It seems almost fitting that the franchise that began with a train wreck also ends with one. It’s been 19 years since Unbreakable impressed audiences with its mysterious take on superheroes in the real world. And it wasn’t until Bruce Willis’ cameo in 2017’s Split that fans realized they were finally getting a sequel. Unfortunately, Glass not only fails to deliver on any of its or its predecessors’ promises, it somehow manages to ruin the two great films that came before it.Continue reading
Red Dead Redemption 2 is possibly the greatest video game of all time and certainly my absolute favourite. Red Dead Redemption was my absolute favourite for a long time, boasting gorgeous graphics, wide, open-world gameplay, and a super compelling narrative, yet Red Dead 2 exceeds the first in every way (I even liked Arthur Morgan more than John Marston, which is saying a lot) and seems to continue a growing trend in offering the rare prequel that surpasses the original (Better Call Saul is another prequel that comes close to being as good as if not better than the original, but I think Breaking Bad still reigns supreme). So what makes this game and experience so great?Continue reading
Ready to party like it’s 1985? You better be. After Ivan Drago went curiously unmentioned in the first Creed movie during discussions of Apollo’s death, devoting an entire sequel to the Dragos is welcome compensation. It seemed an inevitable match-up, with the Creed family having never previously gotten any sort of restitution. But rather than a typical revenge movie, or worse, a monster movie where the monster comes back to kill his previous victim’s kid, Creed II doesn’t waste its chance to take a tragic event and make something good out of it.
It seems every 10 years or so, the Halloween franchise ignores a great portion of its sequels. In 1988, Halloween 4 ignored III; in 1998, Halloween H20 ignored everything after II; and 2007 saw Rob Zombie’s abysmal attempt at a remake. But here, on the 40th anniversary of the original, they haven’t just ignored every sequel and remake thus far, they’ve changed one of the most well-known details of the established lore: Michael Myers and Laurie Strode are no longer brother and sister! Imagine going back to before Darth Vader and Luke Skywalker were father and son and seeing what story paths a non-family structure could take that franchise. Even John Carpenter regretted making the two main characters related in Halloween II, and many agree that it made Michael Myers significantly less frightening. Instead of being “purely and simply evil”, he was a psychotic sibling less likely to kill non-relatives (i.e. most people). And even though this sequel shares the title of the original (the 2011 prequel to John Carpenter’s The Thing did this as well), 2018’s Halloween is very much a sequel to 1978’s Halloween.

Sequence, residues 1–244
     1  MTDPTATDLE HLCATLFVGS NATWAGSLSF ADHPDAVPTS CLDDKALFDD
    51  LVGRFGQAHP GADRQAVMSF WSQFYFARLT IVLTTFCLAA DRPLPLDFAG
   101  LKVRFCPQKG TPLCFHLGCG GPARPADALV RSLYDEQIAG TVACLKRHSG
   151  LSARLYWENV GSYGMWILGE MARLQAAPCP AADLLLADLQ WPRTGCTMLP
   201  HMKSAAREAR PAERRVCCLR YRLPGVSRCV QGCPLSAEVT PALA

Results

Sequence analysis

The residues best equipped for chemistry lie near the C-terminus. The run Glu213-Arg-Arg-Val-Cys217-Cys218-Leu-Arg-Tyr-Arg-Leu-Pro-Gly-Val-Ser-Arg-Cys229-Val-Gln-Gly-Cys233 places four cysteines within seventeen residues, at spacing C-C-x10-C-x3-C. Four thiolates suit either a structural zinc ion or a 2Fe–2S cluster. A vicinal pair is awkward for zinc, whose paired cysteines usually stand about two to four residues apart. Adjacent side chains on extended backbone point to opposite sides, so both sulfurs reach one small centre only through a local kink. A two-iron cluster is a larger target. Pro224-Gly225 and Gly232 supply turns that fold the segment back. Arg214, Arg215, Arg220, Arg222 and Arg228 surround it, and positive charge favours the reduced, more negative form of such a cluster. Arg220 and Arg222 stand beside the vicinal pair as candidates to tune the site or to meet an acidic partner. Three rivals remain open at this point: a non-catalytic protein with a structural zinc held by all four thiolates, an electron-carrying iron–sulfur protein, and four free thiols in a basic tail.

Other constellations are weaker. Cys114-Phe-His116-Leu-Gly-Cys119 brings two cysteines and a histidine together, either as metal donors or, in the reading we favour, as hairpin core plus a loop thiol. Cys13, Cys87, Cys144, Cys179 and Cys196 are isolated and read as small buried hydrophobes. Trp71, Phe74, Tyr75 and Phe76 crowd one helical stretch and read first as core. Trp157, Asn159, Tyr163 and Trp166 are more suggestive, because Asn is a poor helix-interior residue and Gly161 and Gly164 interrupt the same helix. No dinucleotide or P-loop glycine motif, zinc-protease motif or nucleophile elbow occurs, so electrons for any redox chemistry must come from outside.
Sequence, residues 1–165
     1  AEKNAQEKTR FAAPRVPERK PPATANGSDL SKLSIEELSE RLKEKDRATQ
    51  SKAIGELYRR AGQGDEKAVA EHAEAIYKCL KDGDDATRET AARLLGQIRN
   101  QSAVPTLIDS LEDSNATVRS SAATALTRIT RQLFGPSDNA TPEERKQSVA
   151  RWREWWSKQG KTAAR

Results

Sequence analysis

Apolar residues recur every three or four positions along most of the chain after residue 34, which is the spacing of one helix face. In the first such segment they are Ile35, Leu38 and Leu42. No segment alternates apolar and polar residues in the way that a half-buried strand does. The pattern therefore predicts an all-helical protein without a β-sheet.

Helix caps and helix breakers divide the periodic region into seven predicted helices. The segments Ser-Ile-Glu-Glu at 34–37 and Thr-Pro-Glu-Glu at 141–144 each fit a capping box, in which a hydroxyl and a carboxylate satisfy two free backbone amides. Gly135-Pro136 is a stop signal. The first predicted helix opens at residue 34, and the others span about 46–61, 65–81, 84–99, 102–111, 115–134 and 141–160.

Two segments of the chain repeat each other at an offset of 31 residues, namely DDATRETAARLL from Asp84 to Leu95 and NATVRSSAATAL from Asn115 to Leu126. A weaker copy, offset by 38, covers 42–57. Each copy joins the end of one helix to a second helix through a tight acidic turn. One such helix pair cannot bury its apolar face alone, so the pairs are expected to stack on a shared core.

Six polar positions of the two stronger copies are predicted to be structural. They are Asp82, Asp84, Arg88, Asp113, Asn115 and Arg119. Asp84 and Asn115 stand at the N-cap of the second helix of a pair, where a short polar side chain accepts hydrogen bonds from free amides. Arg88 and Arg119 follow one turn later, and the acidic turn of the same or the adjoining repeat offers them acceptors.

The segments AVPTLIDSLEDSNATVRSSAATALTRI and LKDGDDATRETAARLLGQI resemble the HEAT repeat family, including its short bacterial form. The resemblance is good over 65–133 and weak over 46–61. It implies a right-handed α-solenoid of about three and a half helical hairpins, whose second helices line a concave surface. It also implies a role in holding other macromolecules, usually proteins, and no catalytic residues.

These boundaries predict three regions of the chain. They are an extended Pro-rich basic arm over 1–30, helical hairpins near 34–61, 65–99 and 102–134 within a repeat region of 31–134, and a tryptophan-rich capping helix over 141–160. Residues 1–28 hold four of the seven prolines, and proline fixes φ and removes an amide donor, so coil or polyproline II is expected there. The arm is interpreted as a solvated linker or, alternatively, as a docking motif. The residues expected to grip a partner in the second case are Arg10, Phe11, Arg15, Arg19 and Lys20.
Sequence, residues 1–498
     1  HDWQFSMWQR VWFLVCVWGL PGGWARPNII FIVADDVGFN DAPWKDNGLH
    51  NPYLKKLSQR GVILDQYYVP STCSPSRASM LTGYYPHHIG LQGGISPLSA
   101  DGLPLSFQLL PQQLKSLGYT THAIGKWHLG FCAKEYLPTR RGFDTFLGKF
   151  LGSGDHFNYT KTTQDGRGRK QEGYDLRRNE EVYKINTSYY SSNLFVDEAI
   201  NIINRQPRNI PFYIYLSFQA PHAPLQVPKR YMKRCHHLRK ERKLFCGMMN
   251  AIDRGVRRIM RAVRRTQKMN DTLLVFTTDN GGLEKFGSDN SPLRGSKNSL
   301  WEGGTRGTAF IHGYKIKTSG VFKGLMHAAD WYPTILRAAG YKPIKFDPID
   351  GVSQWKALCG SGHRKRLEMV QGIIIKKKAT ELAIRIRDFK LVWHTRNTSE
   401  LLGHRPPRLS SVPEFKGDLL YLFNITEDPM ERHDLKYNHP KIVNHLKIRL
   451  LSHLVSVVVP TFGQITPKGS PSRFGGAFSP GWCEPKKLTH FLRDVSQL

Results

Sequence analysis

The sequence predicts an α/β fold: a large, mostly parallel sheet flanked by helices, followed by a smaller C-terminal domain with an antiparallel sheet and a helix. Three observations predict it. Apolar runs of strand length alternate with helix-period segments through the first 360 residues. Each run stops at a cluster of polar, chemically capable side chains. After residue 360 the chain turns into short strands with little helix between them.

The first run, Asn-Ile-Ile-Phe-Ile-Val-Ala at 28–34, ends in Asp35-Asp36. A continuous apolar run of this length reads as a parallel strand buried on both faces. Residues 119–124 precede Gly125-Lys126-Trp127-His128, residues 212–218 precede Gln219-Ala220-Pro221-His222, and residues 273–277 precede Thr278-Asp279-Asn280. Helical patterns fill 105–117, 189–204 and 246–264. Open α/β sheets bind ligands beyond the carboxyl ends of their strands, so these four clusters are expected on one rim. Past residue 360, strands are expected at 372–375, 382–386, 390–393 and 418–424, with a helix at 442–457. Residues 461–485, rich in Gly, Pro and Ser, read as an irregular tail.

John Huston was the classic example of a tour-de-force director who, in his later years, became a gun-for-hire. With films like The Treasure of the Sierra Madre, Fat City and The Man Who Would Be King, he was a burly, epic craftsman but bills and time diminished his enthusiasm. Luckily, he rebounded in the late 80’s but one of his films that been labeled a minor sidenote was actually a peerlessly far-fetched but immensely amiable sports movie – Victory.
How did we get here? How did a show that never stood a chance against its far-superior but still-struggling-in-the-ratings predecessor make it to four seasons? Without a single likable character, not to mention the haphazard storytelling, most shows like this one would have been cancelled long ago. But a crossover between the two shows was inevitable from the start, so let’s see where Fear’s dead walk to now.
Recently, the acid westerns Slow West and The Sisters Brothers have honored and deconstructed the oater genre but they weren’t the first examples of mixing a postmodern sensibility with a frontier setting. The master behind the epic yarn Little Big Man, Arthur Penn returned to the sublime well with the ceaselessly daft, high-wattage The Missouri Breaks which marked the only collaboration between Hollywood heavyweights Marlon Brando and Jack Nicholson.
With or without his trademark mustache, Burt Reynolds was a demigod on two legs and four wheels. His most crowd-pleasing sleeper was ‘Smokey & The Bandit’ but Burt was more prolific than just vehicular mayhem and Southern-fried charm. For every ‘The Longest Yard’ and ‘Deliverance’, there was a relatively minor entry in Burt’s dilating filmography. While I consider myself a Reynolds-phile, there are several titles I have neglected to see heretofore. Since his recent passing cast such a wide pallor over my fondness for his legacy, I’ve decided to hydroplane over his blockbusters and throttle through his lesser-known pictures.
I understand that some movies elude my breadth of appeal. Non-Disney animated movies, Bollywood musicals, wrestling documentaries, anything by Terrence Malick. None of these are of particular interest to me or fall within my purview. Then there’s a category of movies where the demographic that they’re aimed towards is muddled, nonexistent or extremely niche. The Happytime Murders was released this past weekend and it has me musing about other movies that contain elements geared towards a select few.
Tom Hanks. The man voted to be the most trustworthy man in America. If the World War III phone was by his bedside, the country could rest easy. Finding someone who actively dislikes Tom Hanks would be like finding a needle in a haystack. Err, then again….the late Gene Siskel in his review of ‘Bachelor Party’ called him “smug” and “unfunny”. Outside of that wildly controversial opinion, most people are in consensus that Hanks is a national treasure. But his string of powerhouse award winners wasn’t the wellspring from once he spawned.